Mrs. GR, together with her disabled husband and six minor children, are clients of the Nassau County Department of Social Services. Around July 31, 1969, Mrs. GR, who had just cashed her public assistance check, was concededly robbed of the proceeds of that check, leaving her totally without funds for the month of August. Apparently, she requested emergency assistance from the Department, but this request was denied. She thereupon brought this Article 78 proceeding that the Commissioner of the Nassau County Department of Social Services (hereinafter the ‘Commissioner’) be directed to pay her $484, the amount of her monthly assistance check.
After service of the petition upon him, the Commissioner served a Third-party petition upon George K. Wyman, as Commissioner of the Department of Social Services of the State of New York seeking a direction that Commissioner Wyman reimburse him for any funds he was directed to pay to Mrs. GR.
By a short from order dated August 25, 1969, this Court directed the Commissioner to pay the sum of $484 to Mrs. GR, holding in abeyance the third-party petition. The third-party petition is now dismissed.
Section 131 of the Social Services Law provides that it shall be the duty of public welfare officials to provide for those unable to provide for themselves within the Social Services District. Under Section 62 of the Social Services Law, the County Commissioner of Social Services has the primary responsibility for providing assistance to Social Service clients within the County. This is funded by appropriations mandated by Section 88 of the Social Services Law and should these prove insufficient, Section 92 of the Social Services Law provides for the making of a deficiency appropriation.
Accordingly, the primary obligation to furnish public assistance lies upon the Nassau County Department of Social Services. The Commissioner refused to furnish that assistance precipitating this proceeding.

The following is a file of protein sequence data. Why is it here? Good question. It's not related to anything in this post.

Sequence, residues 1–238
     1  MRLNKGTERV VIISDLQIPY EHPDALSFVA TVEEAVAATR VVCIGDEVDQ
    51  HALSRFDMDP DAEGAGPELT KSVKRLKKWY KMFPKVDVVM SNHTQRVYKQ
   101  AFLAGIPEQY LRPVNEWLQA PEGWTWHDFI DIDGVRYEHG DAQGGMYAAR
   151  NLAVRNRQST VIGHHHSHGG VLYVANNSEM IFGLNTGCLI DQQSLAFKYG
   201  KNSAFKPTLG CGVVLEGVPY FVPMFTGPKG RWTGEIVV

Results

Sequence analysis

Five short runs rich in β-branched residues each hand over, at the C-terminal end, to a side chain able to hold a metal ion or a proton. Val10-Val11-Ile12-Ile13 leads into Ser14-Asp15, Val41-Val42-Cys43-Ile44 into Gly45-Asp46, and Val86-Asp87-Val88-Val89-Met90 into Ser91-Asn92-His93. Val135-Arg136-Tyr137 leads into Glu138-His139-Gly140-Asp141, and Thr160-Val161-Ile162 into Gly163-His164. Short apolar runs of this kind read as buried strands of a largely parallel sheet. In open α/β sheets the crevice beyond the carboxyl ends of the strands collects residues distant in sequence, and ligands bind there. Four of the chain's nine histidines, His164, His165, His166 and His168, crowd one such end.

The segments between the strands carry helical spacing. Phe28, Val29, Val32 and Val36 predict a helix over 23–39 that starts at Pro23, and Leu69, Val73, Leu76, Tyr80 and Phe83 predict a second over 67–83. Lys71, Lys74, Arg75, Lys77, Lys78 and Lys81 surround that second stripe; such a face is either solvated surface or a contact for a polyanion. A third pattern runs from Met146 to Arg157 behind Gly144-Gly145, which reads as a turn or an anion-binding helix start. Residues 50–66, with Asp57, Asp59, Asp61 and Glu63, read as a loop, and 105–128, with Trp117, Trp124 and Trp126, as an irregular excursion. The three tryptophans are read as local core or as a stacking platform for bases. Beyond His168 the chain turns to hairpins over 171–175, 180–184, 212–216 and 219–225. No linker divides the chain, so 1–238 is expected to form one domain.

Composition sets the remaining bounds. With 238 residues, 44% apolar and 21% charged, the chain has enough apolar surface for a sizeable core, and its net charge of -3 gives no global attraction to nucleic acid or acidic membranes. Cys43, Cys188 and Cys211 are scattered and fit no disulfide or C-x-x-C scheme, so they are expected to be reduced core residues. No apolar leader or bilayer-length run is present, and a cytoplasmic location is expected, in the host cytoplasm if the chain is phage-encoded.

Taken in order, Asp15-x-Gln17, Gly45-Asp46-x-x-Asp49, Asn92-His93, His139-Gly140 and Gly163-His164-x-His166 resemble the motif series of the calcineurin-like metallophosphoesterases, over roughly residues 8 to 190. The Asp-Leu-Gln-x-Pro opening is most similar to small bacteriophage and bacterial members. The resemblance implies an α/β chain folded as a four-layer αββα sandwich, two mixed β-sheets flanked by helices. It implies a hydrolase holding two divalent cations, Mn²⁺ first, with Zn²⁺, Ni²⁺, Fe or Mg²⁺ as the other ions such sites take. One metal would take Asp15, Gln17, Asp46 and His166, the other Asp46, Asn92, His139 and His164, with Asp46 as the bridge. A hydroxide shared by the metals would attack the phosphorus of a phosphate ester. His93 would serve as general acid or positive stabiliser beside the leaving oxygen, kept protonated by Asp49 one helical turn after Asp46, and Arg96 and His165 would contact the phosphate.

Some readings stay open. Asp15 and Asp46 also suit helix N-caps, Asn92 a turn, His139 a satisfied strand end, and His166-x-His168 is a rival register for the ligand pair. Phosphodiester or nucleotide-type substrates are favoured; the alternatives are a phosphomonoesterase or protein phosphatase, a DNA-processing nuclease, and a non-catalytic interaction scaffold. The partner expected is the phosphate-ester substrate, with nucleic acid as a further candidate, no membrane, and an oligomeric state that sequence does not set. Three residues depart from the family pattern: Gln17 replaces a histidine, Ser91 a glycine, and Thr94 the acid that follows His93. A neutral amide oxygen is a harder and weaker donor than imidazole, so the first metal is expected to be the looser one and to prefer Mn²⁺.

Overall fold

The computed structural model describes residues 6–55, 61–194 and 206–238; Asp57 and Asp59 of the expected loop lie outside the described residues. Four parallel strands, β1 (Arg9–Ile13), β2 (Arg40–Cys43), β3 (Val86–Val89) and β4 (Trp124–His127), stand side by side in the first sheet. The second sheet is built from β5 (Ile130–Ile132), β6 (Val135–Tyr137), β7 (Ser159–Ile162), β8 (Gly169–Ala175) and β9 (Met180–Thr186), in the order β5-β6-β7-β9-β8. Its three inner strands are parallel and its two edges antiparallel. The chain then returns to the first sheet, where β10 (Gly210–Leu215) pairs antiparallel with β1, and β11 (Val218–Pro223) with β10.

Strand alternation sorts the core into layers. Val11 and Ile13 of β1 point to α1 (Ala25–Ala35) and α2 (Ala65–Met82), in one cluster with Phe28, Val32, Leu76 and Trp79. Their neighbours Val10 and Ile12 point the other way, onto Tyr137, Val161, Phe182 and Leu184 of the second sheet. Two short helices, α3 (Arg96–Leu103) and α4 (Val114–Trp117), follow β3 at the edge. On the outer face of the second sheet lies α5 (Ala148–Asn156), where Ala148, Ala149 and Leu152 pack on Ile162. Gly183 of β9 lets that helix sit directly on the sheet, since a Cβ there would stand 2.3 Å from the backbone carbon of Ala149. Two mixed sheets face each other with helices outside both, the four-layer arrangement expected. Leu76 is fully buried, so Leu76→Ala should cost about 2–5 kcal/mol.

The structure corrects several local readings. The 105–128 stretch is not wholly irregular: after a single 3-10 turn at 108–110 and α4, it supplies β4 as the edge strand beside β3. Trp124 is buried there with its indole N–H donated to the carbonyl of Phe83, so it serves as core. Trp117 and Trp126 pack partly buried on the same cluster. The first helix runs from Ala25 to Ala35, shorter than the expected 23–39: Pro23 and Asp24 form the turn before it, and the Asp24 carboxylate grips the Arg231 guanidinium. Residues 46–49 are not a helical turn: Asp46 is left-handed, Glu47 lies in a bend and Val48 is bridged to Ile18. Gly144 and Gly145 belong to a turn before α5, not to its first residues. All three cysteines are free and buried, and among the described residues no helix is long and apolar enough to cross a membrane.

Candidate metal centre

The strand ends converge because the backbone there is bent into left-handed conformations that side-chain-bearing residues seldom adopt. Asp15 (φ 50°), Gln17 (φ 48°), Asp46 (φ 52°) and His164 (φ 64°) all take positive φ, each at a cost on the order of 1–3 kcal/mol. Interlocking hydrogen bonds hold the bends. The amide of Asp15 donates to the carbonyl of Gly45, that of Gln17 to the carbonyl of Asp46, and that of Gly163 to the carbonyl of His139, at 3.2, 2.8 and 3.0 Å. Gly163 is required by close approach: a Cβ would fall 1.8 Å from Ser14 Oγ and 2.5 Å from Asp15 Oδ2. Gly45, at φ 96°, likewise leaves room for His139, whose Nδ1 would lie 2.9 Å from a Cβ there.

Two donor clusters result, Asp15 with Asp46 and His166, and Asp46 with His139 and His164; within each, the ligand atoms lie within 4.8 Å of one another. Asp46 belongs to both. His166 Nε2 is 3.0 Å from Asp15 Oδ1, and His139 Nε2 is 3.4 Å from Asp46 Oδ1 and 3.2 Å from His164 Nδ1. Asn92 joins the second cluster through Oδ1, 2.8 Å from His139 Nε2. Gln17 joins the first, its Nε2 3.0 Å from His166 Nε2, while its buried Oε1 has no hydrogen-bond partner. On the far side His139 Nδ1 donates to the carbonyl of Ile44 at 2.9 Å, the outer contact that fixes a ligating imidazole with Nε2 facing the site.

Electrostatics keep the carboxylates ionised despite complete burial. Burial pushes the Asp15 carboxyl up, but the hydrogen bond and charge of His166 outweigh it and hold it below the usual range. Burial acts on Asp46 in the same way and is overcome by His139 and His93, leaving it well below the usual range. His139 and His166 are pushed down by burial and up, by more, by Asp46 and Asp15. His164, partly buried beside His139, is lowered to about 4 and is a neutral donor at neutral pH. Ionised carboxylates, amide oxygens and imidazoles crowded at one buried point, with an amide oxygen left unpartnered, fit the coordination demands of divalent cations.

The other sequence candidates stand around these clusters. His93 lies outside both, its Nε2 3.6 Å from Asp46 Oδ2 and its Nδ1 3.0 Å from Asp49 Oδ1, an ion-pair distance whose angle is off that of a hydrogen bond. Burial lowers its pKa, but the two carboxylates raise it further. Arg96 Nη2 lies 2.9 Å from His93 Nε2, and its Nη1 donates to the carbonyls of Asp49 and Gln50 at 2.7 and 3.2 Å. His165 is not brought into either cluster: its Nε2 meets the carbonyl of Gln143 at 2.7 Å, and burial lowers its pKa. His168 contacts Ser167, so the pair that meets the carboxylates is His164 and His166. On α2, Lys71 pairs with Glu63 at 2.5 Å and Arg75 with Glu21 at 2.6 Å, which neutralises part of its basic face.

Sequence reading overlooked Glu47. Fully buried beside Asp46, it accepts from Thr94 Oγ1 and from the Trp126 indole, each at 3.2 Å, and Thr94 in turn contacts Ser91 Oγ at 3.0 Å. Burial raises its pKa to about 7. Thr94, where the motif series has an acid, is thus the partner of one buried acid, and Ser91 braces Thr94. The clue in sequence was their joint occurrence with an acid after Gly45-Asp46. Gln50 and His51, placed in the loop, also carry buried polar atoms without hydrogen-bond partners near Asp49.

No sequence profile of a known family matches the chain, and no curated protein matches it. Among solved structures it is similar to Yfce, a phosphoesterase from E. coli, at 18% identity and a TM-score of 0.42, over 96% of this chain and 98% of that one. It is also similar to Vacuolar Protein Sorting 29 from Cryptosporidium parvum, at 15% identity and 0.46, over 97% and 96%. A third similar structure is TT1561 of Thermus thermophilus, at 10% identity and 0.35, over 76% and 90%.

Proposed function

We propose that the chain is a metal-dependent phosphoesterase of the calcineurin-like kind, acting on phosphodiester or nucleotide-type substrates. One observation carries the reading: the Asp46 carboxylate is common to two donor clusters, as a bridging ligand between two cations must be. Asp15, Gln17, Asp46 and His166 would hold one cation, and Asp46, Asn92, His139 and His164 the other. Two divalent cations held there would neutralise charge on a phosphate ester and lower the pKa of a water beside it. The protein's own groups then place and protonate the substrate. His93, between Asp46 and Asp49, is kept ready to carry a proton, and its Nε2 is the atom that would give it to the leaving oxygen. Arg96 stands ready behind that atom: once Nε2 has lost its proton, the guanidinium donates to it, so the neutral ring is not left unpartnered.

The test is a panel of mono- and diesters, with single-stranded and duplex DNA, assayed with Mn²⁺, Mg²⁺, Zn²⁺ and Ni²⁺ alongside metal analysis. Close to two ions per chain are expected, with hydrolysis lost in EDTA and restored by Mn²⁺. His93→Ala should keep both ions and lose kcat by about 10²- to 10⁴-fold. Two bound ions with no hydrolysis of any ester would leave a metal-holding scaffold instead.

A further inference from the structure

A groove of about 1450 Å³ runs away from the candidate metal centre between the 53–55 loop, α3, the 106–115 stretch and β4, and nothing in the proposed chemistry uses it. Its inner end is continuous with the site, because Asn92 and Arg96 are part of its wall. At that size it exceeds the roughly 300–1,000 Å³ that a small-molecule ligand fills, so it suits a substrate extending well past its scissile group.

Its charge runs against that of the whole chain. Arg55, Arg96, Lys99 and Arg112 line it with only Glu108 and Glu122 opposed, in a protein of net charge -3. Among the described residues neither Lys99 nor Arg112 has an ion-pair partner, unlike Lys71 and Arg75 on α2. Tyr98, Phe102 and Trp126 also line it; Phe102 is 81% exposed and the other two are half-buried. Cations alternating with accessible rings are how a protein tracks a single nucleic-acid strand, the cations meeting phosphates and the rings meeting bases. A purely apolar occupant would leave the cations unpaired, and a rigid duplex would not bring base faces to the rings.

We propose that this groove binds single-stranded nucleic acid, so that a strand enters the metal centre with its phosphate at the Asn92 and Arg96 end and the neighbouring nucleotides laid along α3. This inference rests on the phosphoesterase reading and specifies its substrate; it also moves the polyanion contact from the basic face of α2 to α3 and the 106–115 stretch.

While, under Social Services Law, a person aggrieved by the decision of the Commissioner may seek a ‘fair hearing’, Mrs. GR will not be required to do so. Under her destitute circumstances, this would have been an exercise in futility. See Matter of Veit v. Barbaro, 59 Misc.2d 117, 298 N.Y.S.2d 251; Lesron Junior, Inc. v. Feinberg, 13 A.D.2d 213 N.Y.S.2d 602.
The provisions for emergency assistance are contained in 18 N.Y.C.R.R., Part 372. Section 372.1 defines emergency service as: ‘ * * aid * * furnished for a period not in excess of 30 days in any 12-month period * * *’.
Section 372.3 provides: ‘Provision of emergency assistance to needy families with children. (a) Emergency assistance shall be available in emergency situations including, but not limited to, those caused by natural disasters, serious injury to persons or damage to property * * *.’
It would not seem to require citation that robbery of a family’s entire subsistence for a month is a damage to its property.
Section 732.3(b) states that such assistance: shall be provided immediately when emergency conditions exist’.
The Commissioner refused to issue emergency assistance knowing that Mrs. GR and her family were without any other resources. Under these circumstances, the Court deems his refusal to do so arbitrary and unreasonable. His refusal seems to center upon Section 153, Subdivision 8, of the Social Services Law, which provided, effective July 1, 1969, that State reimbursement shall not be made for the duplication of any grant or allowance for any period. It appears that the Commissioner’s only reason for denying Mrs. GR emergency assistance was that he believed he could obtain no State reimbursement for the emergency grant. The responsibility to provide public assistance mandated upon the Commissioner by Sections 62 and 131 of the Social Services Law has not been demonstrated to be dependent upon the Commissioner’s ability to obtain reimbursement.
The Commissioner brought a third-party petition against the State Commissioner in the event he was ordered to pay. The petition must be dismissed. A claim against a state official acting in his official capacity is a claim against the state, New York State Thruway Authority v. Hurd; Psaty v. Duryea, and the State cannot be sued in the Supreme Court without its own consent, Breen v. Mortgage Commission of State of New York; Psaty v. Duryea, supra; Benz v. New York State Thruway Authority; Matter of Dormitory Authority (Span Electric), (concurring opinion). Where a state official is sued in his official capacity, the proper forum is the Court of Claims, Adler, Inc. v. Noyes. Since the State has not given its consent to be sued in this action in the Supreme Court, the petition must be dismissed.
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